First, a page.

Secondary hypertension occurs when a cause for the high blood pressure can be identified. These causes include renal parenchymal disease, narrowing of the renal arteries, hyperaldosteronism (mineralocorticoid hypertension), pheochromocytoma, certain medications (e.g., prednisone, epoietin alfa [Epogen]), and coarctation of the aorta. High blood pressure can also occur with pregnancy; women who experience high blood pressure during pregnancy are at increased risk of ischemic heart disease, heart attacks, strokes, kidney disease, diabetes, and death from heart attack. Calcium deficiency or acid-based imbalance does not contribute to hypertension.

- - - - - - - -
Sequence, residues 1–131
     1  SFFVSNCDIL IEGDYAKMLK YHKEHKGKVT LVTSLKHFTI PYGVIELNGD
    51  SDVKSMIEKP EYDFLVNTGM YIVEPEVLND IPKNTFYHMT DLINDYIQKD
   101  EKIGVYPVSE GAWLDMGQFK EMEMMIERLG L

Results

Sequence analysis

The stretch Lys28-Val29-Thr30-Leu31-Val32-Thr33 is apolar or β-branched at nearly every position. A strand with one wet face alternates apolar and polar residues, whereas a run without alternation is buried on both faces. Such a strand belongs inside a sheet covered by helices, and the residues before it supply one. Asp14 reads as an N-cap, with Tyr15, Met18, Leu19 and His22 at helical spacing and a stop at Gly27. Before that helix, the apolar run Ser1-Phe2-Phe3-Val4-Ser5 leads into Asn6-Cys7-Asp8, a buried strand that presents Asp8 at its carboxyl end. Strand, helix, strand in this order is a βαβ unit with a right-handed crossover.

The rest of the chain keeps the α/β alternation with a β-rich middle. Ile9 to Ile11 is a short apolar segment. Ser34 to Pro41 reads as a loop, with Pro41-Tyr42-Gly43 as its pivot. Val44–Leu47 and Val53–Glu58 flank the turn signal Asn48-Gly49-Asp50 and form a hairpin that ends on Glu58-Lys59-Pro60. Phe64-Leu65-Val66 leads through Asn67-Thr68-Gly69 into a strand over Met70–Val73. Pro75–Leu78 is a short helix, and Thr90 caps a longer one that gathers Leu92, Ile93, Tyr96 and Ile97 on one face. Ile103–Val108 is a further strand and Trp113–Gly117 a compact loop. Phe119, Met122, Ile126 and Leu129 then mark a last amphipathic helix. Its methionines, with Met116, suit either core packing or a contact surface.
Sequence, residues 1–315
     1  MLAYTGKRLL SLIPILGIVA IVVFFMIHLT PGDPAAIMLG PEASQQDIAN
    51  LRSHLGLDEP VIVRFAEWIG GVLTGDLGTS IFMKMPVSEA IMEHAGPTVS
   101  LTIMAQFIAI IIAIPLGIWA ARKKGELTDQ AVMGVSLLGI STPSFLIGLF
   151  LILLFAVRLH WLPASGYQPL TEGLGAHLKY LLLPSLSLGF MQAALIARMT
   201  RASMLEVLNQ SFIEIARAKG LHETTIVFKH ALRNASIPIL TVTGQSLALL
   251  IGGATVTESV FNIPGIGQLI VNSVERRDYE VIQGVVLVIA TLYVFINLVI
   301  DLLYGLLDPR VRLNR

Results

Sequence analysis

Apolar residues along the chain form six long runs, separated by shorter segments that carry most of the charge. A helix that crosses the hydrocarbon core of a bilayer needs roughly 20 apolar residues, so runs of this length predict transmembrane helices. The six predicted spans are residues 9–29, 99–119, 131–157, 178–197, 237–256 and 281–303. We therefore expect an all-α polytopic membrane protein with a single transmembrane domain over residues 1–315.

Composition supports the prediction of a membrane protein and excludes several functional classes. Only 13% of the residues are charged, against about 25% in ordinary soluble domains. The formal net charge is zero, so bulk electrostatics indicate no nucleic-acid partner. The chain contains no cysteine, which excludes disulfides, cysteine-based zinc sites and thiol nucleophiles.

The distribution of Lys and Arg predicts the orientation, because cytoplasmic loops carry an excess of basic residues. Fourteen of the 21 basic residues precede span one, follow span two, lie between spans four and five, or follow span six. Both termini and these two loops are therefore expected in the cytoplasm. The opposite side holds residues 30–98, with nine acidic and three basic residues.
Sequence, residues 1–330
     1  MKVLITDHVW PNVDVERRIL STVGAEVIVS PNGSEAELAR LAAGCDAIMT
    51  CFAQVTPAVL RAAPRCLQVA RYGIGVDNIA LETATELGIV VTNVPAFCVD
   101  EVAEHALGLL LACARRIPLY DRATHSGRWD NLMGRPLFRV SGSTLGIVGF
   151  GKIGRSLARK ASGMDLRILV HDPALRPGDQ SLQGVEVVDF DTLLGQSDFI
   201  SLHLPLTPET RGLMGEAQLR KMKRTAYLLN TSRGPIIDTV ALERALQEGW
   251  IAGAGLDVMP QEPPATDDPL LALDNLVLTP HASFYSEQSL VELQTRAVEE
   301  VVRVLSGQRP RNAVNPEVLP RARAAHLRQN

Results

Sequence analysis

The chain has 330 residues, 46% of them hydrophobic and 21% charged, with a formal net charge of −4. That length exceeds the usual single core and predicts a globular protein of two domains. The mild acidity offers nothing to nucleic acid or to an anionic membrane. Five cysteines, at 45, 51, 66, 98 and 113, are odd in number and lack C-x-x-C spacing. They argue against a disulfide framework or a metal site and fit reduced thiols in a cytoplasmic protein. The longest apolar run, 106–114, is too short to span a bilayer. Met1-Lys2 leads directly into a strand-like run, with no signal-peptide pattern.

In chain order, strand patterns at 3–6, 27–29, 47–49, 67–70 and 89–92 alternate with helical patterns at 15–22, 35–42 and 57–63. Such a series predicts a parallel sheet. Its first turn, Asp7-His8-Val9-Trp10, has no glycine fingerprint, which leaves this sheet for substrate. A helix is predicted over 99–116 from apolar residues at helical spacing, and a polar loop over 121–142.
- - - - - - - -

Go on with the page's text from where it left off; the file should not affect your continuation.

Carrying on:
The medications of choice in hypertensive emergencies are those that have an immediate effect. IV vasodilators, including sodium nitroprusside (Nitropress), nicardipine hydrochloride (Cardene), clevidipine (Cleviprex), fenoldopam mesylate (Corlopam), enalaprilat, and nitroglycerin, have immediate actions that are short lived (minutes to 4 hours), and they are therefore used for initial treatment. Ramipril is administered orally and would not meet the patient's immediate need for BP management. Diuretics, such as Lasix, are not used as initial treatments and there is no indication for anticoagulants such as Coumadin.